don’t worry, i’m not going all match.com on you but i thought it might be useful to share some nuggets on one of the biggest ‘q’s’ of the whole school direct palava: what school should i go for? the obvious or remotely sarcastic response (if you’re anything like me) might go along the lines of, “whichever one has a place” but if you want to have a shot at success, it’s worth delving a little deeper.
as i’ve mentioned before, you can only apply to a certain number of schools at a time and you don’t want to be wasting spaces on institutions who don’t feel your experience is relevant to them. you may consider that the criteria to teach a certain subject is the same universally but schools may have set requirements for trainees depending on their curriculum and the way the department is set out. here’s a rundown of what to consider when you’re weighing up your options:
how close is too close?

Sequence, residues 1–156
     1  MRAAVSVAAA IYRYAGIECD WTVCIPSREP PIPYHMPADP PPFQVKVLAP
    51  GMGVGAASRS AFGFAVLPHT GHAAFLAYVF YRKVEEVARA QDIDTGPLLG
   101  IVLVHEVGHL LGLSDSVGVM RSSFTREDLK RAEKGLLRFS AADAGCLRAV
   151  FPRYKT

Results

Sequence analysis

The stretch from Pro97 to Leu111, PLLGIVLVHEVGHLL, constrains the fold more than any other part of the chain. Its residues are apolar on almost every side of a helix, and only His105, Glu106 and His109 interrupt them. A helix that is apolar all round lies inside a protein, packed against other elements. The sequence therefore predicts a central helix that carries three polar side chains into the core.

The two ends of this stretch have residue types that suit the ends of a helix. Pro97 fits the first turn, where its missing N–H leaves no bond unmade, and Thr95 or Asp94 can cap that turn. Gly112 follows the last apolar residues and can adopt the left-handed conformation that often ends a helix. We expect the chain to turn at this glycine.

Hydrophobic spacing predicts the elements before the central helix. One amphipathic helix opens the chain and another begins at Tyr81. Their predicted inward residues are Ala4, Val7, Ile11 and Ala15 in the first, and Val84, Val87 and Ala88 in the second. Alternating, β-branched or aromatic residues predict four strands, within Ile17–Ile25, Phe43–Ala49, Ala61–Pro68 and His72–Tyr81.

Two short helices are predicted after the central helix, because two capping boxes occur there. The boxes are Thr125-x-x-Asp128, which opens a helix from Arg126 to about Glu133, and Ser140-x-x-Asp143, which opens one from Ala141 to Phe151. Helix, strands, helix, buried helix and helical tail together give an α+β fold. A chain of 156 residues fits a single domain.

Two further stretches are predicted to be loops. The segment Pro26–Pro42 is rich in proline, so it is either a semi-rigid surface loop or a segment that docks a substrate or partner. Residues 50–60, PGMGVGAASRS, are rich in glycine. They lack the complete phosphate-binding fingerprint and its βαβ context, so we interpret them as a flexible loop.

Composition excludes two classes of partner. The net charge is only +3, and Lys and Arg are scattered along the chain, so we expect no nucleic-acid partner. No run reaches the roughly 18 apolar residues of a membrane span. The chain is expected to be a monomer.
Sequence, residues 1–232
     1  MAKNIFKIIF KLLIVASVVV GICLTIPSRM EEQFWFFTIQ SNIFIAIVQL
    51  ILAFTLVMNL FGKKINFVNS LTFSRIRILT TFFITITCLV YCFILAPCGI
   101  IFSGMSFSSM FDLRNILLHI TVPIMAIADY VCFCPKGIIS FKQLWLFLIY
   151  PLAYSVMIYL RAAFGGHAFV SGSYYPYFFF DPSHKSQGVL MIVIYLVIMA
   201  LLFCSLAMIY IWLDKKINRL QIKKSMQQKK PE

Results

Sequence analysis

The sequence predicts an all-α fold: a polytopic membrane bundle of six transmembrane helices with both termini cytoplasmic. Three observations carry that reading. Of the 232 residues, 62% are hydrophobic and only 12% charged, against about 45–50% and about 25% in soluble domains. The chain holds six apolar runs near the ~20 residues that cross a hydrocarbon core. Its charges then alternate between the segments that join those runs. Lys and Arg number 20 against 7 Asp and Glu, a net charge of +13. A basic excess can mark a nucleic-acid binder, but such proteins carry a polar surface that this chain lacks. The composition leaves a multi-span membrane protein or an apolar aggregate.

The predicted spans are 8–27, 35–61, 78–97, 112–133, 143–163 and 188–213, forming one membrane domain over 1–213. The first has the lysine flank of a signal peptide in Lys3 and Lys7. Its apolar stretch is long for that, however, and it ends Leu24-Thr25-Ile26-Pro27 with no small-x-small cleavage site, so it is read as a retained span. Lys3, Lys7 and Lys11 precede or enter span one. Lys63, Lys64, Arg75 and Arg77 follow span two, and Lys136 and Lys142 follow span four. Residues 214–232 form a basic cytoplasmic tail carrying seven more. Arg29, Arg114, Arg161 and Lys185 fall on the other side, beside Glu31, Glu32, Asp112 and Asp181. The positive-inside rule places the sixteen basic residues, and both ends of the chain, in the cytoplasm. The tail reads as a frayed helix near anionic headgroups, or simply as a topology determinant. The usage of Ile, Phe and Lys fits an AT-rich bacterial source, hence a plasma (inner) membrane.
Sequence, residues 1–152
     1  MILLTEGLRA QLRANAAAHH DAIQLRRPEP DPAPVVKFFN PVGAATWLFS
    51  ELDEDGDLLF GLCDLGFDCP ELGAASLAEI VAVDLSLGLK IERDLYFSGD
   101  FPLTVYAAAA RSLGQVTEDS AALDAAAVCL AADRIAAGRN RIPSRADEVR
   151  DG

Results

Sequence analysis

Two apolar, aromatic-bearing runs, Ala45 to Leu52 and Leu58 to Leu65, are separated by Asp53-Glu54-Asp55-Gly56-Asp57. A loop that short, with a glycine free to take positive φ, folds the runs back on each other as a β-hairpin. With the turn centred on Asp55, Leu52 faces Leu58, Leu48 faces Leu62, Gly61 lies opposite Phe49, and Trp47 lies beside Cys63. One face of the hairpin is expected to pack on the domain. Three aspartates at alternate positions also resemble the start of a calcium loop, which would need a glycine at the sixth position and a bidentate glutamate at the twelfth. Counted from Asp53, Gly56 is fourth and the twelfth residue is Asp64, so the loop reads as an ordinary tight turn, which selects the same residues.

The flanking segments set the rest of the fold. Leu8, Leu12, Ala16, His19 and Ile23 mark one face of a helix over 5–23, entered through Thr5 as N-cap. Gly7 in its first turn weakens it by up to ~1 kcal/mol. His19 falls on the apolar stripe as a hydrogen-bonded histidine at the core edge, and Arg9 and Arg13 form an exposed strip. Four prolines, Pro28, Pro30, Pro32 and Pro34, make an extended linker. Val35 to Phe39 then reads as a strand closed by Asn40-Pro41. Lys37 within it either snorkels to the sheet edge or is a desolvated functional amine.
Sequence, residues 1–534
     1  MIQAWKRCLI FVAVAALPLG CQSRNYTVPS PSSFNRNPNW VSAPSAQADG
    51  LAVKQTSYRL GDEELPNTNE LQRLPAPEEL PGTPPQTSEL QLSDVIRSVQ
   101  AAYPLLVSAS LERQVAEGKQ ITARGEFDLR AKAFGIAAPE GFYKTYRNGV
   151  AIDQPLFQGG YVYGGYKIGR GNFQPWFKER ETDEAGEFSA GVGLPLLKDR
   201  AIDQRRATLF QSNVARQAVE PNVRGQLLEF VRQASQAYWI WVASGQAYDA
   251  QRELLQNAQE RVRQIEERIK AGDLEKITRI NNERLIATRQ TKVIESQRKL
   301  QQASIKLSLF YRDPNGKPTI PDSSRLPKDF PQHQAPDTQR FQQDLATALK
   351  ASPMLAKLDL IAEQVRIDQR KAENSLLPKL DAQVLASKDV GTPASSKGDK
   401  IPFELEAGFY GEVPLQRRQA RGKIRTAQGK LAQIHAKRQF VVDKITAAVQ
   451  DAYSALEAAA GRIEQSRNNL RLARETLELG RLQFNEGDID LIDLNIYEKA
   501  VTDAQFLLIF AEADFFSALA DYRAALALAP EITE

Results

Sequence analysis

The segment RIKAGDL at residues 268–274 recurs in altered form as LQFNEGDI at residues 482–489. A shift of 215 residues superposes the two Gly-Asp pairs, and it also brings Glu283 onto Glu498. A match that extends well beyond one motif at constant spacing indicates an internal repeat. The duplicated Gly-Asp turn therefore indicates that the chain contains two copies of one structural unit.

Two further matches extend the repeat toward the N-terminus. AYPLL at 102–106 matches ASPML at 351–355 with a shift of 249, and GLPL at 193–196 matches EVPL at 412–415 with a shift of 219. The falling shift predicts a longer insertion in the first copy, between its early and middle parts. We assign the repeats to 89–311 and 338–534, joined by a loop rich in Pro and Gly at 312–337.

distance is important for any job, even more so when you’re commuting for free (as far as i’m aware, you don’t get ‘expenses’ paid on a non-salaried place). however, i think working in a school can blur the lines of the work-life balance if you don’t pick your location wisely. as a trainee, you’ll still be expected to attend parents’ evenings, after-school meetings and be pulled into the occasional last-minute affair on top of marking, lesson planning and uni work so you don’t want to be spending endless amounts of time in transit. likewise, it’s worth mulling over whether applying to the school up the road is the best idea – do you really want to end up becoming a local attraction to incredulous students whilst you’re traipsing round tesco in your finest ‘for the house only’ attire? similarly, living too close could cause issues if you end up on the wrong side of certain pupils; my boyfriend, although he went to the brilliant local secondary, reminded me that it would only take a little bit of detective work from a bad egg to find out where our house was and potentially make life difficult (admittedly, we are right on the main pathway to the school for most of the town!). whilst i’m looking forward to halving my current hour-long commute, i do and will continue to appreciate being able to come home and not have to worry about bumping into students off-guard!